Looking across from neighbouring island Fogo, Brava has the most amazing sunsets, and it only seems like a giant’s step away. Some might say it’s so close you can swim to it. But don’t be deceived by this as it’s pretty challenging to get to and off that tiny island.
It used to have an airport, but just like Santo Antao, battering winds prevented a lot of planes from landing on Brava and a lack of funds has turned the airstrip into a desolate, rundown area.
So, the only way to get to Brava is by ferry and unlike Santo Antao, it’s not always a smooth ferry crossing. Strong winds and choppy seas are why the crew hand out these wonderfully coloured purple puke bags, as soon as you board. But don’t let this put you off – as once you’ve arrived you don’t want to go anywhere else anymore. Just ask the locals on Fogo and without exception, they’ll all wax lyrical about Brava.
The small port of Furna where you arrive has a natural harbour and there’s only one way out. In fact, there are only two properly paved roads on Brava, and you’ll always have to take the zigzag road up to Vila Nova Sintra first. From the biggest town on the island, you either head to Faja d’Agua on the west coast or inland to Cachaco.
One of the first things you’ll notice when you walk beautiful tree-lined avenue in Vila Nova Sintra is the scent of the hibiscus trees and how peaceful the small little square in the centre is. The whole of the island is a fragrant place as there are lots of wildflowers everywhere. It could though, do with a bit more rain than normal. The last few years have been particularly hard on the island and the drought has hit it hard.
Getting around is very easy, you hop on an aluguer (local minibuses popular with locals), organise a taxi, or hitch a ride on a passing flatbed truck that occasionally pass you on the quiet roads.
Another option would be to explore the island on foot. If you have a good map (which will provide when you’re visiting Brava), you can’t really get lost. Just make sure that you have a transfer arranged at the other end, or be prepared to retrace your steps.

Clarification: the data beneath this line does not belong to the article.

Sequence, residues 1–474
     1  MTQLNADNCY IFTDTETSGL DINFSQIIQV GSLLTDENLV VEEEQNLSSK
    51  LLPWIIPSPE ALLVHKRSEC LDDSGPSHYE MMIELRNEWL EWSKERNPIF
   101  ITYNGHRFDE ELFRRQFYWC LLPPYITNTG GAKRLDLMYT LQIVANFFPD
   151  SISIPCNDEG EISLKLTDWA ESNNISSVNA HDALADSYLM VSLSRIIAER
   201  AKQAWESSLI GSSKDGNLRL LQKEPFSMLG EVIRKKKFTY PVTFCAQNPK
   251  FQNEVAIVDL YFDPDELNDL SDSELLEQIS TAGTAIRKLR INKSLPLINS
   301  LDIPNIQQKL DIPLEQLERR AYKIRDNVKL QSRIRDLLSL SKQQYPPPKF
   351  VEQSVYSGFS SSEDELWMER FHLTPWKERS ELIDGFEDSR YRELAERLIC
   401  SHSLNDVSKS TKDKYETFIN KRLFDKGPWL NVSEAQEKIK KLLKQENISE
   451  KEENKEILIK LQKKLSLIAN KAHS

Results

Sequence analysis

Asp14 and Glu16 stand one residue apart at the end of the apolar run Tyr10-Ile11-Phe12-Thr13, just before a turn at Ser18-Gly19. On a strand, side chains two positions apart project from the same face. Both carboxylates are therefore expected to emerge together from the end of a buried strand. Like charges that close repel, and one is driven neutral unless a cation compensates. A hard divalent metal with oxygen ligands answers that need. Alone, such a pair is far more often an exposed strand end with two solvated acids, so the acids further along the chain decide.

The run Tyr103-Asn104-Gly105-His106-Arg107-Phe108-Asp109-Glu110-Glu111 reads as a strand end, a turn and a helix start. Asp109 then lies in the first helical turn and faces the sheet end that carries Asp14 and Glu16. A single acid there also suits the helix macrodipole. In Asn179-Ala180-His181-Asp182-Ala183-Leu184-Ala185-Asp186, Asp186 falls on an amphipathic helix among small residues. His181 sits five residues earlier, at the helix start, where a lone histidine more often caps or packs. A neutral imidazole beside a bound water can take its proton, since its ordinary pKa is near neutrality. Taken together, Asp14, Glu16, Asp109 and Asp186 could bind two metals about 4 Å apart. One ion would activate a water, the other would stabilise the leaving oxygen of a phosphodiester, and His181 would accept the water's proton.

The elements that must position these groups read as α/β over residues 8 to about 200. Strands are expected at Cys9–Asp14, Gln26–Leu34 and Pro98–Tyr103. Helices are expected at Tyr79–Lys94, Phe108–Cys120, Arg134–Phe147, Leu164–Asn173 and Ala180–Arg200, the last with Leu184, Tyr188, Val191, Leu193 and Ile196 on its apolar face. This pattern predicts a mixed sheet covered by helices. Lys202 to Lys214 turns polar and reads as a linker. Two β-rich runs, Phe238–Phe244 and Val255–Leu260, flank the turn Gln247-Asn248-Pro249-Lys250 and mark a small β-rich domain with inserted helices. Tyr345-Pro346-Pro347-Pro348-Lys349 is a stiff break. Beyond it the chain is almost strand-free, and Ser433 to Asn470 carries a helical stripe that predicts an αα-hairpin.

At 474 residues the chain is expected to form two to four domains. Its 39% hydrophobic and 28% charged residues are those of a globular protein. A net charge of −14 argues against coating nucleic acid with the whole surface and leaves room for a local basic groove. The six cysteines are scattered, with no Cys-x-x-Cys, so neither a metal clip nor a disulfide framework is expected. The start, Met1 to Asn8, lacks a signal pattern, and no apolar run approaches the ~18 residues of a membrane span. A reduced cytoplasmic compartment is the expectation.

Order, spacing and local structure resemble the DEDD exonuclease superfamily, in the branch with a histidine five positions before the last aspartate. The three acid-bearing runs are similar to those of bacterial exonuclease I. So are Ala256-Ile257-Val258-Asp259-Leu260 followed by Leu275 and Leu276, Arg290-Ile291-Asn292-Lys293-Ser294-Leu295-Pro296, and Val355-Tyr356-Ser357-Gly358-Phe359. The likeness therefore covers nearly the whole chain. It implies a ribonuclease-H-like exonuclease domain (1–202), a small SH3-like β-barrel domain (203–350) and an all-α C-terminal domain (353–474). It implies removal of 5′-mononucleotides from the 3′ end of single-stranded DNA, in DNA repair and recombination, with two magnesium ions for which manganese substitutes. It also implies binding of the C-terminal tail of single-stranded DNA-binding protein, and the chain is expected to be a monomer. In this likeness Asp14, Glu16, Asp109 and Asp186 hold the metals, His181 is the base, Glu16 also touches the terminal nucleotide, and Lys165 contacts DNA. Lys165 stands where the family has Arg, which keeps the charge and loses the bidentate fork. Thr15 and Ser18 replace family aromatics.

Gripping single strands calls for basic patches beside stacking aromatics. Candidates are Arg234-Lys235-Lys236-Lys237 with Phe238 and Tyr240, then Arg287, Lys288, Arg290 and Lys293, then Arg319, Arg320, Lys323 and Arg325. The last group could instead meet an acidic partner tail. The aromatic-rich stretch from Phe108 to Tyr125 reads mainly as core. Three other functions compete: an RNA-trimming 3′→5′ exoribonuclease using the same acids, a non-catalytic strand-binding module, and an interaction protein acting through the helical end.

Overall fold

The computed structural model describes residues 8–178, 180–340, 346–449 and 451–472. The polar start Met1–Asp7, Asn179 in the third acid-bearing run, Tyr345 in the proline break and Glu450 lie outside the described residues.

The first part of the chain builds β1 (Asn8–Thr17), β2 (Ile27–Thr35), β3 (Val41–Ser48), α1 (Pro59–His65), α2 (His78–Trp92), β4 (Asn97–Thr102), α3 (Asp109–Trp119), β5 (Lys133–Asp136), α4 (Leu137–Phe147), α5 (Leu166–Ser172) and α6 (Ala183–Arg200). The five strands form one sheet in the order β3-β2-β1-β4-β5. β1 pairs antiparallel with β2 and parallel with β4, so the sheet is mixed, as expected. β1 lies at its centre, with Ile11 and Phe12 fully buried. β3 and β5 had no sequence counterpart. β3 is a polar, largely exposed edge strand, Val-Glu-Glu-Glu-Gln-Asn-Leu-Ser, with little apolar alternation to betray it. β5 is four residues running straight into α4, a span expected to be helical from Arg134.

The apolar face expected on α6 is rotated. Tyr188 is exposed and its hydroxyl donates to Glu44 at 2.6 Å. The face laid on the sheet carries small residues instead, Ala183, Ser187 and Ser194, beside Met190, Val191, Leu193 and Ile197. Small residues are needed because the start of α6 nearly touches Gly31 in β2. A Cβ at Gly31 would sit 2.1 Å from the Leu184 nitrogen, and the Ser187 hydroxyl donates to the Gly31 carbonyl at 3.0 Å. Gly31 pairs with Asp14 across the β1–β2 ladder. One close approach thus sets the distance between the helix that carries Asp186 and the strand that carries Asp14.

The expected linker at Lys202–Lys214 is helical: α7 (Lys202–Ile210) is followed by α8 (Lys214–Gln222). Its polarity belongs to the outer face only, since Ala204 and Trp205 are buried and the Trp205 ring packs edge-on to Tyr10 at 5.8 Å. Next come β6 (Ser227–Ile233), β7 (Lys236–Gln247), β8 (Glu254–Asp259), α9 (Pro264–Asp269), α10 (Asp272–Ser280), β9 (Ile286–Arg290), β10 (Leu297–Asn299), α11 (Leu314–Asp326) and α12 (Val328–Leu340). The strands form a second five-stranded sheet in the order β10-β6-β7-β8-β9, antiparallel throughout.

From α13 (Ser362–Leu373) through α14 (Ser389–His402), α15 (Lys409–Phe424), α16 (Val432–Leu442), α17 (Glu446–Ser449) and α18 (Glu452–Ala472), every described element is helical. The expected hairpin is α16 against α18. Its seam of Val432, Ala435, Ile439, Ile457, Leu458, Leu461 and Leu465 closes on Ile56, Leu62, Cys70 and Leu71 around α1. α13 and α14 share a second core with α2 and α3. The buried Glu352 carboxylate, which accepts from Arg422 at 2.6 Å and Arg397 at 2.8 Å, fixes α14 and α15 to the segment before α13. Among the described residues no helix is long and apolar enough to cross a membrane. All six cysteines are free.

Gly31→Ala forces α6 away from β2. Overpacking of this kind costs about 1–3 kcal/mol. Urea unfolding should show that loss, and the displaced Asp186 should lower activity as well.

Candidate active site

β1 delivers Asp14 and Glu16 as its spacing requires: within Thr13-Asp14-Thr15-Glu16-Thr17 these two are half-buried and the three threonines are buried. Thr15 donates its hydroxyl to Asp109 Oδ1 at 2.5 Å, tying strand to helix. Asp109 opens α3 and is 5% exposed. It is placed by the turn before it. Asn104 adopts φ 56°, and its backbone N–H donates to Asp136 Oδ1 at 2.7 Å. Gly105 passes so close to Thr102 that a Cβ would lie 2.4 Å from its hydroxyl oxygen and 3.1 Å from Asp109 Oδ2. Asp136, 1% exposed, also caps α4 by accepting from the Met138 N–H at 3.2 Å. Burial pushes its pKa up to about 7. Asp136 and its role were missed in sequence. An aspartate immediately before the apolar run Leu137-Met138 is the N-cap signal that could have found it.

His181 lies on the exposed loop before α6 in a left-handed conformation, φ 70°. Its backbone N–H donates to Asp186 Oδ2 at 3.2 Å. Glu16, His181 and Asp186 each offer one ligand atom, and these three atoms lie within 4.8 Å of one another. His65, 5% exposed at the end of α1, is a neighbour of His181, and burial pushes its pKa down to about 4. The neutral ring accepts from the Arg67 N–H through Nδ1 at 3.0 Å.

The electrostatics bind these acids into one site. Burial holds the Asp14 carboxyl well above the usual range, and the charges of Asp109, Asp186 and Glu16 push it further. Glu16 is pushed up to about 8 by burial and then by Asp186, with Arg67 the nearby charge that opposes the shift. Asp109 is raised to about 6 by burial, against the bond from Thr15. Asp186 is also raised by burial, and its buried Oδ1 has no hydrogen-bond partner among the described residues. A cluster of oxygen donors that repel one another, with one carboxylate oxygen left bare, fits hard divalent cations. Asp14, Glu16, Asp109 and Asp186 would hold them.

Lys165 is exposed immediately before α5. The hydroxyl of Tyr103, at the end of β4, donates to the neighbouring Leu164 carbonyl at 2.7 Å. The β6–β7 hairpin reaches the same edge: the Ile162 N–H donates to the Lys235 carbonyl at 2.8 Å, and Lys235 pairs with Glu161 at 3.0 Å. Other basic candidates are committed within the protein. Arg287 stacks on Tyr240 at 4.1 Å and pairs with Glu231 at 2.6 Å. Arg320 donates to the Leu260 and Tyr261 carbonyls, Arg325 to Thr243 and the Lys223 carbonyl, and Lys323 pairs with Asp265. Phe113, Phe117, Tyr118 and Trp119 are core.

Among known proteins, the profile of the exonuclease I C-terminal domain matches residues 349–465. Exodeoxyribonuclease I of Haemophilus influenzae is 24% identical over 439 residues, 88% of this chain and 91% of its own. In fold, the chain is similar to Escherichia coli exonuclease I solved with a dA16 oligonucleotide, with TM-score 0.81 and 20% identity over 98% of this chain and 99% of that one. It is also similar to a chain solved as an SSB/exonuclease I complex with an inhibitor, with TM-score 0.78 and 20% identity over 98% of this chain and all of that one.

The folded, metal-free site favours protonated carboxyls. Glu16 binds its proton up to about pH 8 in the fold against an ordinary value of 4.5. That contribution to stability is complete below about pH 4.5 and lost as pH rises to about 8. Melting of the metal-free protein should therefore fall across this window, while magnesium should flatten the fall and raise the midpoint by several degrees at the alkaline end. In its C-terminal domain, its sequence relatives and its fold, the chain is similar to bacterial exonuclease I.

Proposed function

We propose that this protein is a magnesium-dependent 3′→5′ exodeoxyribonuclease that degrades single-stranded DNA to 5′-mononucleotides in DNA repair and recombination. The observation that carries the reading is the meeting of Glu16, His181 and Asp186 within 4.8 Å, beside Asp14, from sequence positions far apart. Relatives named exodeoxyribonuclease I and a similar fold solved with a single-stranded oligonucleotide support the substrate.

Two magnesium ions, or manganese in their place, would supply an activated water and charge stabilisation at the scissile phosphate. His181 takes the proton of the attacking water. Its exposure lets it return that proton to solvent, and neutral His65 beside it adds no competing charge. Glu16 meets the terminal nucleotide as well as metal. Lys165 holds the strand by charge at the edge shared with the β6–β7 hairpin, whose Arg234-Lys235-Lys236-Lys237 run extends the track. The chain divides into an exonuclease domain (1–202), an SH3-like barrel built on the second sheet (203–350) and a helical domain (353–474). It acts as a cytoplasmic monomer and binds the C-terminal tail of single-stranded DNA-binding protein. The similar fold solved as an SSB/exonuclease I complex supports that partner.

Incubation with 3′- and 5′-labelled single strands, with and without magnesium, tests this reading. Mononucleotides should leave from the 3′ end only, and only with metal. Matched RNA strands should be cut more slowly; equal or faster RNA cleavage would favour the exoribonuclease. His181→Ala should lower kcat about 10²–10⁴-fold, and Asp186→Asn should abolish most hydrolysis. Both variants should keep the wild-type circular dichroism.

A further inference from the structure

There are only a few hotels on Brava and it’s the same with restaurants, as they’re not always open. You can therefore either eat at your hotel or you have to tell the restaurant that you will be coming at a certain time and what you would like to eat. Life is definitely a lot slower on Brava than on the other Cape Verdean islands.
If this appeals to you then I would recommend at least a three-night stay in Vila Nova Sintra, to make the most of your time on Brava. Combine this with Fogo and Santiago and you’ll have a guaranteed fantastic experience on these southern Cape Verdean islands.
Do give me a ring on 01768 721040 or send me an email: email@example.com, if this has piqued your interest.
Recommended small travel company!
Great little company with friendly staff. Organisation of flights & accommodation very efficient. When problems arise they are helpful and very reasonable in their efforts to resolve them. We would definitely use them again for a return trip
A wonderful break in a beautiful environment
Every thing was excellent. The information and organisation, the hotel and the island itself all exceeded our expectations. Whale watching and other trips out, fantastic. We will book again!
Great honeymoon package and experience
They provided a great package at a good price. We found them to be helpful and a quality service was provided.
Brilliant holiday organised by an excellent company
Friendly, helpful, professional and completely geared to us as individuals.
Perfecte organisatie variatie in de wandelingen en tijd en oog voor wat er …
Perfecte organisatie. Variatie in de wandelingen en tijd en oog voor wat er op de eilanden te zien is een aantal schitterende hotels
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